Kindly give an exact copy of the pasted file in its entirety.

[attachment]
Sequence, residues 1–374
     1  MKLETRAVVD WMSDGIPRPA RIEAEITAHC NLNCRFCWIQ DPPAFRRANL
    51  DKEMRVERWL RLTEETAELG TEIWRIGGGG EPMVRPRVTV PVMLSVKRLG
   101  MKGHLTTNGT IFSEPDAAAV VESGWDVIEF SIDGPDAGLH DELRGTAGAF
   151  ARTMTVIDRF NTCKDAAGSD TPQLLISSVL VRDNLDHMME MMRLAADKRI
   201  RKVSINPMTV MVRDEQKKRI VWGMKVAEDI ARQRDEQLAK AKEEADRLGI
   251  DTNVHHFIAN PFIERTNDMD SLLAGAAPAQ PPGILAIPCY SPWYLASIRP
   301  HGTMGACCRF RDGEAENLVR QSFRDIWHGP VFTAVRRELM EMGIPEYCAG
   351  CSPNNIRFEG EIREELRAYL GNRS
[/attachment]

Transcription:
Sequence, residues 1–374
     1  MKLETRAVVD WMSDGIPRPA RIEAEITAHC NLNCRFCWIQ DPPAFRRANL
    51  DKEMRVERWL RLTEETAELG TEIWRIGGGG EPMVRPRVTV PVMLSVKRLG
   101  MKGHLTTNGT IFSEPDAAAV VESGWDVIEF SIDGPDAGLH DELRGTAGAF
   151  ARTMTVIDRF NTCKDAAGSD TPQLLISSVL VRDNLDHMME MMRLAADKRI
   201  RKVSINPMTV MVRDEQKKRI VWGMKVAEDI ARQRDEQLAK AKEEADRLGI
   251  DTNVHHFIAN PFIERTNDMD SLLAGAAPAQ PPGILAIPCY SPWYLASIRP
   301  HGTMGACCRF RDGEAENLVR QSFRDIWHGP VFTAVRRELM EMGIPEYCAG
   351  CSPNNIRFEG EIREELRAYL GNRS